I was able to get in contact with one of the
pdsh developers and learned the following:
What you want is "stdin broadcast" and unfortunately support for this
was never added to pdsh. It would be a nice feature, but there was not
historically much need for it, so it wasn't ever done.
Which seem to confirm what has already been established in this post.
However, it was followed by:
BTW, it isn't that it is impossible to do the stdin broadcast.
Parallel launchers that are part of HPC schedulers can do it, like
srun(1) and the like. The mechanism is that stdin is read in once,
then copied to a buffer for each remote process, i.e. the duplication
is done inside of the parallel launcher.
The reason for the follow-up is that there are some misleading answers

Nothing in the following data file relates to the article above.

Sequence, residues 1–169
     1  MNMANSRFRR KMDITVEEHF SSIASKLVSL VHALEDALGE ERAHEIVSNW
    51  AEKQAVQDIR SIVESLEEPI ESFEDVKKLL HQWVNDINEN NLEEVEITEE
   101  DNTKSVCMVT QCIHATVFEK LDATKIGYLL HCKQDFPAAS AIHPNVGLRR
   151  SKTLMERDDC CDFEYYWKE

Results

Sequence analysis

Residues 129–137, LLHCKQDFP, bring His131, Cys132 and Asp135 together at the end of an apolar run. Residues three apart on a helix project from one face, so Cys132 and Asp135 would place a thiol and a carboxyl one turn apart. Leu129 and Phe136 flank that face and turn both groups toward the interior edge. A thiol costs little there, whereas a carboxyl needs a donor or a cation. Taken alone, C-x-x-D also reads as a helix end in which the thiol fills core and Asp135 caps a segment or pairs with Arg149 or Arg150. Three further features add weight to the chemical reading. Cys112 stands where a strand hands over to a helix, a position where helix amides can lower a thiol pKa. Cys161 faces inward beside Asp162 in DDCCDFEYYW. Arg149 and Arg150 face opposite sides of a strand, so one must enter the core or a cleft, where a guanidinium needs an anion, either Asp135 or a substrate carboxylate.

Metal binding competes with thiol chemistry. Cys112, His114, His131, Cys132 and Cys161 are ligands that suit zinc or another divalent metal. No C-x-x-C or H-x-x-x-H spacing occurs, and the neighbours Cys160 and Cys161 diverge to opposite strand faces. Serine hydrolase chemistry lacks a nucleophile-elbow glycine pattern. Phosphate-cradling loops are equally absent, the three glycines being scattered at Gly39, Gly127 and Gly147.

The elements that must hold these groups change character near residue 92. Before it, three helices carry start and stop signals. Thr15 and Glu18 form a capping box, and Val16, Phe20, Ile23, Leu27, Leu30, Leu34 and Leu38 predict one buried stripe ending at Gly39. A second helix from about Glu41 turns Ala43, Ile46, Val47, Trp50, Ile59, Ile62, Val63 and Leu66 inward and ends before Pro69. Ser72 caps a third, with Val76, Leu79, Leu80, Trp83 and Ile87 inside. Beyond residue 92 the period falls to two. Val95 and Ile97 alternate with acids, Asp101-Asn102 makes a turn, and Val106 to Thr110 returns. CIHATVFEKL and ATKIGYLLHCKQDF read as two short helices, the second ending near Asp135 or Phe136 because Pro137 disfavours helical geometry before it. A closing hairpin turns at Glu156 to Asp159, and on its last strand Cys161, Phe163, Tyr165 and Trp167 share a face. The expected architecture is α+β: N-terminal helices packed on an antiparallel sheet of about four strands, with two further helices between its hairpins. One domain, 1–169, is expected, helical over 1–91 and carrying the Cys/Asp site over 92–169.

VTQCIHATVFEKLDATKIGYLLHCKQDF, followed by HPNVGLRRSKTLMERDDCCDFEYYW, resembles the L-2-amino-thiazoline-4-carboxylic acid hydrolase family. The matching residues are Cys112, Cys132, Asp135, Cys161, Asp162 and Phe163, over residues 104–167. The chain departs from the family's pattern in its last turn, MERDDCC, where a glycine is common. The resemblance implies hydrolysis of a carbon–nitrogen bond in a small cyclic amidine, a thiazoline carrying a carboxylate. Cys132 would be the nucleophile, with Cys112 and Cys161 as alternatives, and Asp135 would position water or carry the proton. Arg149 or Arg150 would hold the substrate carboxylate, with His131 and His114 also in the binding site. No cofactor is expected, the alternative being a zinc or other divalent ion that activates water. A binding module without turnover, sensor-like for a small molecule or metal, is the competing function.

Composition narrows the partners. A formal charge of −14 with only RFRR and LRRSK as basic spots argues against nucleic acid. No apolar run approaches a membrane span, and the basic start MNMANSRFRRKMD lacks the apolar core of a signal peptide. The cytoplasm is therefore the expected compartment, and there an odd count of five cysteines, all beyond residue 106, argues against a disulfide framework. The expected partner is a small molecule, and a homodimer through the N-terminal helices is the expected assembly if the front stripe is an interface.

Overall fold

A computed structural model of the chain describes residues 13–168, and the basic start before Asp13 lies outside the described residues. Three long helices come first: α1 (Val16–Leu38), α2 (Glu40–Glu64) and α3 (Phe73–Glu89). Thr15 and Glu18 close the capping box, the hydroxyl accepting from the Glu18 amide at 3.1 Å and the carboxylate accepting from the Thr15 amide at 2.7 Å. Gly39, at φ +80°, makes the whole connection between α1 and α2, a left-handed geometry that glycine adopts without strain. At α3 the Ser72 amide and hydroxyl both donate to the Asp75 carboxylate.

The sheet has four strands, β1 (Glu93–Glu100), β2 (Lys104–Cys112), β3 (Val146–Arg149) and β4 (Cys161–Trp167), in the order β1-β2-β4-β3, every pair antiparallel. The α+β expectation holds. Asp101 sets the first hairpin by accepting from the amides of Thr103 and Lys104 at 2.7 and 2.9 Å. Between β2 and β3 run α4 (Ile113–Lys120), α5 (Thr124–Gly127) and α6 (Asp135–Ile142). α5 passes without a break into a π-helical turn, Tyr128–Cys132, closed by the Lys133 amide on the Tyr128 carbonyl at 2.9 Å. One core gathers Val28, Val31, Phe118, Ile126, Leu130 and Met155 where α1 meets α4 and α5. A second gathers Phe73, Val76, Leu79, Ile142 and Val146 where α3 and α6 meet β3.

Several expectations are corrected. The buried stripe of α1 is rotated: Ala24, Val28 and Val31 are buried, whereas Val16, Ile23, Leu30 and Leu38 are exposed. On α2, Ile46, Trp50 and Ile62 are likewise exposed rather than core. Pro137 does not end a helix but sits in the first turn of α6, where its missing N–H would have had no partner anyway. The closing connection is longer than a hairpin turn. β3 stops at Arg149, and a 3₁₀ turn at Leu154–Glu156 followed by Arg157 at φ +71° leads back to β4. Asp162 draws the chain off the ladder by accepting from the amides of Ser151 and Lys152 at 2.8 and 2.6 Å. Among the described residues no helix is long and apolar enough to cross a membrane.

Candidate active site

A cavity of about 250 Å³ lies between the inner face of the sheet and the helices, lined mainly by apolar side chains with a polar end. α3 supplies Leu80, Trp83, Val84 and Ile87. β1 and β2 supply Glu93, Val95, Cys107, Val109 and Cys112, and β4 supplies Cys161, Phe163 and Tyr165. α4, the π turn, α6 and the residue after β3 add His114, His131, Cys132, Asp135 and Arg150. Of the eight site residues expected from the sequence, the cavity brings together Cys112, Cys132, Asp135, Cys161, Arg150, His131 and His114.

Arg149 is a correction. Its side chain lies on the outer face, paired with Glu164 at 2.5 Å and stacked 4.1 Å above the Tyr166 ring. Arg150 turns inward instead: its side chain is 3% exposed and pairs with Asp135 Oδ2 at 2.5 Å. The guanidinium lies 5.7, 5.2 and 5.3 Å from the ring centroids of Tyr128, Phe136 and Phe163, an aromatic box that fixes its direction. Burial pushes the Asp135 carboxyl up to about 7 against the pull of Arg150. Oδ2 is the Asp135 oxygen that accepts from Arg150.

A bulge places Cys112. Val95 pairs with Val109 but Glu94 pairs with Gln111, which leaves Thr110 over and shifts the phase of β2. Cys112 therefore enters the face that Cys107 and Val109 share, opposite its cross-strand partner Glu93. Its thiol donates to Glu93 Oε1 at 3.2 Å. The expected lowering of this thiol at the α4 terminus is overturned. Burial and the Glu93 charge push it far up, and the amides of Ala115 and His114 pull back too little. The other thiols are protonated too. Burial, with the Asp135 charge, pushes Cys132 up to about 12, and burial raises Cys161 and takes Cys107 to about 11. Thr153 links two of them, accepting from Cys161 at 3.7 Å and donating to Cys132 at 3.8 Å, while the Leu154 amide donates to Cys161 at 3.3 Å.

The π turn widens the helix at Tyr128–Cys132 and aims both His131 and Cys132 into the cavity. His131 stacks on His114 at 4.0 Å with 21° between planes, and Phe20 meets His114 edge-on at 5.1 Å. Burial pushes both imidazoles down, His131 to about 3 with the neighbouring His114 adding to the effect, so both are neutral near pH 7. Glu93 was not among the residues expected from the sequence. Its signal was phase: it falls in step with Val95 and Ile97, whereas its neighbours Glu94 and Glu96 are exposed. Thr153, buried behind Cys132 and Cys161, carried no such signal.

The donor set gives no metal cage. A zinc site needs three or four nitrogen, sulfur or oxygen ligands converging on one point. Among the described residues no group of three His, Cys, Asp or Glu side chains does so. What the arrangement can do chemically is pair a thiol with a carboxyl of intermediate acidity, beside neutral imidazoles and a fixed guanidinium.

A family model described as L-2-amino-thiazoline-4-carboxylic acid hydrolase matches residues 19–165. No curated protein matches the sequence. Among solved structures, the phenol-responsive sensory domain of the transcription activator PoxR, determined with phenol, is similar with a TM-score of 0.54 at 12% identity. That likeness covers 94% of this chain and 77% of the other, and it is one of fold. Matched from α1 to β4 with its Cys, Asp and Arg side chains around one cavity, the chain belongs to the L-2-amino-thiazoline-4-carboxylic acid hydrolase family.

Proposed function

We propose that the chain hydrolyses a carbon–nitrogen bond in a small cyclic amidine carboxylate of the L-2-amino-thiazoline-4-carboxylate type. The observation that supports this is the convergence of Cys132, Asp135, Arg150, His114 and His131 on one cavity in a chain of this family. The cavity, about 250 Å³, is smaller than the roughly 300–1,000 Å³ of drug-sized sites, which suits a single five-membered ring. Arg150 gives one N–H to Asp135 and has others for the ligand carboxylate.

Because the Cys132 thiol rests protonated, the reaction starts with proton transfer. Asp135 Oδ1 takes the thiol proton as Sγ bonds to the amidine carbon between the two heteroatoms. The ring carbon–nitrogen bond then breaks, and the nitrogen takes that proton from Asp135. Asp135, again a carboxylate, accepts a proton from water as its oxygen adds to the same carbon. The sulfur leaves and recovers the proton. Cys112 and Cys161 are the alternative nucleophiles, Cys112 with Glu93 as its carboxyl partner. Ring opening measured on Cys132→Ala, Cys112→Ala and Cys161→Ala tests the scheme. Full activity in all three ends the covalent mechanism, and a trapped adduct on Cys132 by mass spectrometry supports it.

on that stackexchange post.
Another way to get around the serial for-loop problem would be to run
ssh from GNU parallel or pdsh -R exec. Example with pdsh -R exec:
$ pdsh -R exec -w host[0-10] bash -c 'ssh %h cat < <(echo test)'
Of course the drawback here is that you are creating the temporary
file for redirection N times. Might be better to put your output into
a local file and then just cat that file to each ssh command.
The benefit of pdsh/parallel over a for loop is that you get the
In my own tests I had some trouble getting that exact example working:
root@master# pdsh -R exec -w host1 bash -c 'ssh %h cat < <(echo test)'
host1: bash: -c: line 0: syntax error near unexpected token `<'
host1: bash: -c: line 0: `ssh n1 cat < <(echo test)'
pdsh@master: host1: bash exited with exit code 1
One small tweak gets it alive, and that is using a "normal" file:
root@master# cat data.txt
test from file
root@master# pdsh -R exec -w host1 bash -c 'ssh %h cat < data.txt'
host1: test from file
pdsh could grow a feature to handle what I was asking for better, but even as it is now there are ways to achieve what I asked for.